Sunday, February 19, 2012

Elgar’s Mendelssohn Cipher: (✡ ✡ ✡) = E. F. B.

The essence of beauty is unity in variety. 

A growing body of research confirms the covert principal Theme to Elgar’s Enigma Variations is the famous hymn A Mighty Fortress (Ein feste Burg) by Martin Luther. An ingenious alphanumeric cipher embedded in the Mendelssohn fragments of Variation XIII encode the initials for Ein feste Burg: E. F. B. The key to cracking this cipher is to use the number of times a given key fragment is stated to pinpoint the corresponding degree of its scale. There are eight notes in a scale, and each is numbered 1 through 8. There are four Mendelssohn fragments stated in three distinct keys: A flat major, F minor, and E-flat major.

There are two Mendelssohn fragments in A-flat major. The second degree of the A-flat major scale is B-flat. The third Mendelssohn fragment in F minor appears only once. The first degree of the F minor scale is F. The fourth and final Mendelssohn fragment in E-flat is also played one time. The first letter in the E-flat major scale is E-flat. With each fragment composed of the last three notes of the descending version of each scale, another way of approaching the decryption is to simply count the discrete note letters of a given fragment in reverse order based on the number of times a fragment is stated in a given key.

Three of the Mendelssohn fragments are enclosed in quotations because they, like the source material, are in the original major mode. The fourth fragment appears in minor and lacks quotations because it deviates from the major mode. There is another less obvious explanation for why this minor fragment lacks any quotation marks. There are a total of twelve notes enclosed in three sets of quotations, a remarkable coincidence since Ein feste Burg is also three words long and has a total of twelve letters. Elgar's use of quotations around three of the Mendelssohn quotes serves to signal the number of words and letters in the title of the covert Principal Theme. Elgar's allusions to various German artists (e.g.Mendelssohn, Goethe, and Joachim) further hint that the missing title's language is in German and three words long. The common title for A Mighty Fortress is Ein feste Burg. The total number of letters in the names Mendelssohn, Goethe, and Joachim is 24, the same in the full title of Ein feste Burg ist unser Gott. Twenty-four also happens to be the same number of notes in the opening six measures of the Enigma Theme, the very place Elgar encoded his "dark saying," an ingenious Music Box Cipher.
The Mendelssohn Cipher reveals that Elgar cleverly enciphered the missing initials for the covert Theme's title, sealing the case for “EFB” as the solution letters to the mysterious three asterisks. It is incredibly symbolic these initials are encoded in reverse order because the covert melodic theme plays as a retrograde counterpoint through and over the Enigma Theme. What academics presumed represented the secret friend are in reality the initials for a popular hymn that names that famous person in the second stanza. To discover the identity of his secret friend and inspiration for Variation XIII, read (✡ ✡ ✡). To learn more about the secrets of the Enigma Variations, read my eBook Elgar’s Enigmas ExposedPlease support my original research by becoming a sponsor on Patreon.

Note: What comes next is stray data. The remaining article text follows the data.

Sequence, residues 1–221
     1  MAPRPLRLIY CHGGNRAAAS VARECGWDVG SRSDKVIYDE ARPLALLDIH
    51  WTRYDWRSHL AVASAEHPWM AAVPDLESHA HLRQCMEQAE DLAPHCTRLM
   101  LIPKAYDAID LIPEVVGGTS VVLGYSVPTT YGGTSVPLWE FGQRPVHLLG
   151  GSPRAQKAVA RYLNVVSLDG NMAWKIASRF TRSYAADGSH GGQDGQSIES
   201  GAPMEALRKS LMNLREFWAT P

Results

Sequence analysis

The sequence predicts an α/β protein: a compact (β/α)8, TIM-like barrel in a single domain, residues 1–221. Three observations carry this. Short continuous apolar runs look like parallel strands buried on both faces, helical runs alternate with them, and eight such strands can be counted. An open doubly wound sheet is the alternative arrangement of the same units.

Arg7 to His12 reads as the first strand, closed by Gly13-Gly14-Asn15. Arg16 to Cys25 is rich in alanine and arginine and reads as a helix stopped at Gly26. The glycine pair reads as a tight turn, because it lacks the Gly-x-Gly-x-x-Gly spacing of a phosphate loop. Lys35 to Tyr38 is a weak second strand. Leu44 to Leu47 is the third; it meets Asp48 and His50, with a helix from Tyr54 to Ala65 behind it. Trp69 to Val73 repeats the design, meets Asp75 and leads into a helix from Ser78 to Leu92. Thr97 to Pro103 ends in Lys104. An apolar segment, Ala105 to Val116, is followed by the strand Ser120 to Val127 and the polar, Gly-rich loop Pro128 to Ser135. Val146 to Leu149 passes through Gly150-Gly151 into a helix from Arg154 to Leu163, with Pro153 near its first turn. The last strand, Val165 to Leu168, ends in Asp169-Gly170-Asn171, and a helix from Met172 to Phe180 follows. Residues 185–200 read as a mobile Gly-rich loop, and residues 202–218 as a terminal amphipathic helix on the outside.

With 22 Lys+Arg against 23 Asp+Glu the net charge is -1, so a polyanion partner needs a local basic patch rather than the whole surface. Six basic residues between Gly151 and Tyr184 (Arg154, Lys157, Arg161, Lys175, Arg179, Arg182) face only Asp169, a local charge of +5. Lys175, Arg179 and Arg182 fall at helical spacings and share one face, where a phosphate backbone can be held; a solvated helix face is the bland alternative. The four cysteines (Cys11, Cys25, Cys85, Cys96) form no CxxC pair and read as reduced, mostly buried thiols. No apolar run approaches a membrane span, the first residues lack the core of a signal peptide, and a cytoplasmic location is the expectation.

Anonymous said...

If Elgar was a devout Christian why would he choose a Lutheran theme?

Robert Padgett said...
This comment has been removed by the author.
Robert Padgett said...

Among Christian leaders Martin Luther was clearly one of the most musical and inventive, for he composed many hymns to promote the gospel message. He actively encouraged singing in the vernacular at church services, a subject near and dear to the heart of Elgar as shown by his numerous sacred cantatas and oratorios. Luther's most famous hymn - 'Ein feste Burg' - is quoted in the works of the great German masters (e.g., J.S. Bach, Felix Mendelssohn, and Richard Wagner), composers whom Elgar revered and emulated in his writing.

About Mr. Padgett

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Mr. Padgett studied violin with Michael Rosenker (a student of Leopold Auer), and Rosenker’s pupil, Owen Dunsford. Mr. Padgett studied piano with Sally Magee (a student of Emanuel Bay), and Blanca Uribe (a student of Rosina Lhévinne). He attended the Stevenson School in Pebble Beach, California, and Vassar College in Poughkeepsie, New York, where he graduated Phi Beta Kappa with a degree in psychology. At Vassar he studied music theory and composition with Richard Wilson. Mr. Padgett has performed for Joseph Silverstein, Van Cliburn, Arnold Schwarzenegger, Maria Shriver, Steve Jobs, Prince Charles, Lady Camilla, Marcia Davenport, William F. Buckley, Jr., and other prominent public figures. His original compositions have been performed by the Monterey Symphony, at the Bohemian Grove, the Bohemian Club, and other private and public venues. In 2008 Mr. Padgett won the Max Bragado-Darman Fanfare Competition with his entry "Fanfare for the Eagles." It was premiered by the Monterey Symphony under Maestro Bragado in May 2008. A member of the Elgar Society, Mr. Padgett is married with five children.